Industrial arc furnaces range in size from small units of approximately one ton capacity (used in foundries for producingcast iron products) up to about 400 ton units used for secondary steelmaking. Arc furnaces used in research laboratories and by dentists may have a capacity of only a few dozen grams. Industrial electric arc furnace temperatures can be up to 1,800 °C (3,272 °F), while laboratory units can exceed 3,000 °C (5,432 °F).
Arc furnaces differ from induction furnaces in that the charge material is directly exposed to an electric arc, and the current in the furnace terminals passes through the charged material.
In the 19th century, a number of men had employed an electric arc to melt iron. Sir Humphry Davy conducted an experimental demonstration in 1810; welding was investigated by Pepys in 1815; Pinchon attempted to create an electrothermic furnace in 1853; and, in 1878–79, SirWilliam Siemens took out patents for electric furnaces of the arc type.
The first electric arc furnaces were developed by Paul Héroult, of France, with a commercial plant established in the United States in 1907. The Sanderson brothers formed The Sanderson Brothers steel Co. in Syracuse, New York, installing the first electric arc furnace in the U.S. This furnace is now on display at Station Square, Pittsburgh, Pennsylvania.Initially "electric steel" was a specialty product for such uses as machine tools and spring steel. Arc furnaces were also used to prepare calcium carbide for use in carbide lamps. The Stassano electric furnace is an arc type furnace that usually rotates to mix the bath. The Girod furnace is similar to the Héroult furnace.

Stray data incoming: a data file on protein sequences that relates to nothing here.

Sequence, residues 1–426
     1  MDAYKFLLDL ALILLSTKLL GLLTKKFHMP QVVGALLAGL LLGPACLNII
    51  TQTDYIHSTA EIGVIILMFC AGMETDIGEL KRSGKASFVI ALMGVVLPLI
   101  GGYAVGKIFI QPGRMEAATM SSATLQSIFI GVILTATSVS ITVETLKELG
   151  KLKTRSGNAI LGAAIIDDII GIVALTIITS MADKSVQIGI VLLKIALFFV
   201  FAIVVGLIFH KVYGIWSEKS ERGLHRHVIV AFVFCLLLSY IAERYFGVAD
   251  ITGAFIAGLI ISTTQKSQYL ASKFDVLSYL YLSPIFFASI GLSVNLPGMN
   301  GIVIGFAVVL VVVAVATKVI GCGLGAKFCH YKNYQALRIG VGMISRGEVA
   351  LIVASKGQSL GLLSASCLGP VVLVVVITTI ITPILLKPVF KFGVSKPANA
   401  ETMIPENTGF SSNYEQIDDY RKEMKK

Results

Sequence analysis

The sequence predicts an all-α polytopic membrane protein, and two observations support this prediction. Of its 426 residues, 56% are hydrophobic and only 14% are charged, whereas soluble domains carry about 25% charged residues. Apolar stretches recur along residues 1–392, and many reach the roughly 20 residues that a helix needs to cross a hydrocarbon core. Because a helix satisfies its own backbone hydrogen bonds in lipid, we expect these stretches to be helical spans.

While EAFs were widely used in World War II for production of alloy steels, it was only later that electric steelmaking began to expand. The low capital cost for a mini-mill—around US$140–200 per ton of annual installed capacity, compared with US$1,000 per ton of annual installed capacity for an integrated steel mill—allowed mills to be quickly established in war-ravaged Europe, and also allowed them to successfully compete with the big United States steelmakers, such as Bethlehem Steel and U.S. Steel, for low-cost,carbon steel "long products" (structural steel, rod and bar, wire, and fasteners) in the U.S. market.
When Nucor—now one of the largest steel producers in the U.S.—decided to enter the long products market in 1969, they chose to start up a mini-mill, with an EAF as its steelmaking furnace, soon followed by other manufacturers. Whilst Nucor expanded rapidly in the Eastern US, the companies that followed them into mini-mill operations concentrated on local markets for long products, where the use of an EAF allowed the plants to vary production according to local demand. This pattern was also followed globally, with EAF steel production primarily used for long products, while integrated mills, using blast furnaces and basic oxygen furnaces, cornered the markets for "flat products"—sheet steel and heavier steel plate. In 1987, Nucor made the decision to expand into the flat products market, still using the EAF production method.